with a future event. They met with TEDxUF staff and went through an interview process that ultimately led to their selection as two of the six presenters for the 2014 event. At each of the TEDxUF events,
“The most important thing I took from giving this talk is that everybody has something of importance to give to the world. Everybody has something to say and something for someone to hear.”
speakers are given around 17 minutes to present a TEDworthy “idea worth sharing.” The topics of this year’s event included using emotionally engaged thinking (EET) to solve tomorrow’s problems, using advanced technology to help people with disabilities, learning how to be receptive when dealing with tragedy and demonstrating how to properly give aid to countries in need, just to name a few. “My presentation incorporated my passion for music and leadership to stress the importance of crafting your own narrative. I showed the audience how to compose a beat and layered my personal experiences to sounds,” Jones said. Andenoro’s presentation stressed the importance of using EET to solve global problems such as food
IDEAS WORTH SHARING Tony Andenoro, assistant professor of leadership education (pictured above), presents his TEDxUF talk at the University Auditorium this past February.
insecurity and a rapidly growing world population. He discussed how he uses EET in his “Challenge 2050” class, where students work to solve pressing, global issues facing agriculture. “There’s a misconception that many of these global issues can be solved by science or technology, but these problems require real shifts in human attitudes and behaviors as they are social issues. During my talk, I discussed how Challenge 2050 affords us an opportunity to shift education by utilizing EET to empower students to think differently and act authentically with respect to solving global problems,” Andenoro said. Both Jones and Andenoro said having the opportunity to
“It was a truly humbling experience to be selected considering all of the amazing things that are being done at the University of Florida.” participate in this TEDxuF talk was an unforgettable experience. “The most important thing I took from giving this talk is that everybody has something of importance to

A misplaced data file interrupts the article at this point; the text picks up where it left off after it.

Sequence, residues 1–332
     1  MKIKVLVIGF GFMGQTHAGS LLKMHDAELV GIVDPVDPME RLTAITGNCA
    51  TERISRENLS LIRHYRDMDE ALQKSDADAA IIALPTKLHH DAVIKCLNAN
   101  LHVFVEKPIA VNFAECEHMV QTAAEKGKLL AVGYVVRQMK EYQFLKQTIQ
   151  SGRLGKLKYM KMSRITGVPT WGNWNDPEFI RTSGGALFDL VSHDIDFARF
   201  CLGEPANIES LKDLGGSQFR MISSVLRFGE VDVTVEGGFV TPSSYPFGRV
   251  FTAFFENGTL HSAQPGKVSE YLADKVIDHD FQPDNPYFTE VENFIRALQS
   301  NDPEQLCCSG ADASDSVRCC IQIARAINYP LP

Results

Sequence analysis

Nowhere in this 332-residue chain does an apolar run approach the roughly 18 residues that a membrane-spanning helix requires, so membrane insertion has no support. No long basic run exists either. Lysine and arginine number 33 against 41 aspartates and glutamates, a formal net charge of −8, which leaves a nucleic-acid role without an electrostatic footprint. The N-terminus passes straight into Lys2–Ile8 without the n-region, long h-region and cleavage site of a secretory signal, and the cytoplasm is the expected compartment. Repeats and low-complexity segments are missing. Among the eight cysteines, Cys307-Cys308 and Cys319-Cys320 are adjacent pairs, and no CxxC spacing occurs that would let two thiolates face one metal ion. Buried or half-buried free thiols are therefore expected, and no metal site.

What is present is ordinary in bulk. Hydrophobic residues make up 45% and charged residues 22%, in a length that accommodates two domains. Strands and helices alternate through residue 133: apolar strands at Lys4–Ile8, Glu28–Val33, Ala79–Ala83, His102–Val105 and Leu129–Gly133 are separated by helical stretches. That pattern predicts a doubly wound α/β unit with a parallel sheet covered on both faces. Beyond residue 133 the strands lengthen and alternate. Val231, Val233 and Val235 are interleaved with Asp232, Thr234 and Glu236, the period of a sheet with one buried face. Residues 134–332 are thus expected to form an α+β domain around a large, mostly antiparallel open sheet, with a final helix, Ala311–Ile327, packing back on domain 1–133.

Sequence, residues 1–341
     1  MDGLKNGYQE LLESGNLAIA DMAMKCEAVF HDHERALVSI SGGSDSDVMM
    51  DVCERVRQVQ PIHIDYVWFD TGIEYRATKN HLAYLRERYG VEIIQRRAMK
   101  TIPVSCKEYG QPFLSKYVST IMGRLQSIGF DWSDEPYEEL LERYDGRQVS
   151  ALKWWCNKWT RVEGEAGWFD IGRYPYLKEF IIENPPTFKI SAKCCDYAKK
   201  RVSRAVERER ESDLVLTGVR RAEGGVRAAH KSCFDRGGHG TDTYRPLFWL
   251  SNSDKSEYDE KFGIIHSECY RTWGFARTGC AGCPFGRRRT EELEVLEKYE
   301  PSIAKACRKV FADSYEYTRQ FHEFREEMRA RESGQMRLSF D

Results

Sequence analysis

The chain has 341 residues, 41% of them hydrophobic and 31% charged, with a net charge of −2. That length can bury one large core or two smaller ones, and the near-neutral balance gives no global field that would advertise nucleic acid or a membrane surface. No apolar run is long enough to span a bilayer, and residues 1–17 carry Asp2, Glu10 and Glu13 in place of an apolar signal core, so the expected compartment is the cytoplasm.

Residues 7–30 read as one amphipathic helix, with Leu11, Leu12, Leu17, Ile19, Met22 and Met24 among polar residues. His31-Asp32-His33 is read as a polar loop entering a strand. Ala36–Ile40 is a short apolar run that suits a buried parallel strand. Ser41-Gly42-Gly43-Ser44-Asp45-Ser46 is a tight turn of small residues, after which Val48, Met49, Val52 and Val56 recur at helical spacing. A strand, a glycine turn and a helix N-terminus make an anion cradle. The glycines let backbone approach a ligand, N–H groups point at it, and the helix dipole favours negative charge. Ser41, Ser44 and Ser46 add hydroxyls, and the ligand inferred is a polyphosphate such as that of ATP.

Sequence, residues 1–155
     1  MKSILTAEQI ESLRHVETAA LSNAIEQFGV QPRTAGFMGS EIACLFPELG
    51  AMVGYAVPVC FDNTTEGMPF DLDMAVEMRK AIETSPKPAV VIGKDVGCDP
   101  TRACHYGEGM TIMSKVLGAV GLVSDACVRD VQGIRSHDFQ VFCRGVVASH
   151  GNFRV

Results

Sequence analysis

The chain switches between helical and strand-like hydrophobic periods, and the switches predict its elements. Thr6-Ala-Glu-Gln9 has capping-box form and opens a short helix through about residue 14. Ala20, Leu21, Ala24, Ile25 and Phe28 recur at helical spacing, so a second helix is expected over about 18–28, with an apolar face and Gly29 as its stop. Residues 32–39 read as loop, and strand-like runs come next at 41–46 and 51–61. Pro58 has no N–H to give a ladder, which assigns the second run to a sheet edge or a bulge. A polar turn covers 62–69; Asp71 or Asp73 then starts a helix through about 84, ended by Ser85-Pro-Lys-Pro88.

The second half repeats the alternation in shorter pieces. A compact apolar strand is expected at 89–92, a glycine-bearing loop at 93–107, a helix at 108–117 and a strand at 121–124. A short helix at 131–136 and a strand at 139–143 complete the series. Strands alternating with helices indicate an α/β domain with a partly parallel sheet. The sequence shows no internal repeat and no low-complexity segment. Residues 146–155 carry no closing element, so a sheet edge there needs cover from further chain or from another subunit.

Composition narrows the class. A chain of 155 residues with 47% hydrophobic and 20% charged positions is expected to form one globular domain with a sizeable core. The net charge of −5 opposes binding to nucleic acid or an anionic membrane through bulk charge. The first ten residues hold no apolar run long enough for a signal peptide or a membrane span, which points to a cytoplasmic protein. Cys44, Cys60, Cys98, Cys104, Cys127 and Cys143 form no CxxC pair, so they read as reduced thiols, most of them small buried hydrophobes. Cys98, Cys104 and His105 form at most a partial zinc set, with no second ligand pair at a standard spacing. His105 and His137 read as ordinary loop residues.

give to the world. Everybody has something to say and something for someone to hear,” Jones said. Andenoro said that he felt humbled by the experience. “It was a truly humbling experience to be selected considering all of the amazing things that are being done at the University of Florida.” TEDxUF is an independently organized TED event that brings people together to share a “TEDlike experience.” TEDxUF occurs once a year and is open to the public upon completion of a free, online application. For more information on TEDxUF, visit www.tedxuf.com.
IDEAS WORTH SHARING Tony Andenoro, assistant professor of leadership education, and Jaron Jones, leadership development doctoral student present their TEDxUF talks in February at the University Auditorium.
AEC Faculty Travel to Paraguay Written by Kevin Herzog & Kyle Hunter
(Continued from page 1) developing women’s empowerment but it also aims to develop career professionals in business and the workforce, Hartmann said. “There is a huge gender gap in terms of educational opportunities and leadership positions, and this program is designed to lessen that gap,” she said. AEC professor Ricky Telg conducted workshops in March and July on how to give effective presentations and how to use different forms of social media. “I really enjoyed interacting with the students and faculty at the university,” Telg said. “I believe what we are doing will make a positive impact as the university in Paraguay develops more opportunities to empower women.” Other AEC faculty, including Hannah Carter, Grady Roberts and Sebastian Galindo, also traveled to Paraguay in 2013 to begin the process of developing leadership programs,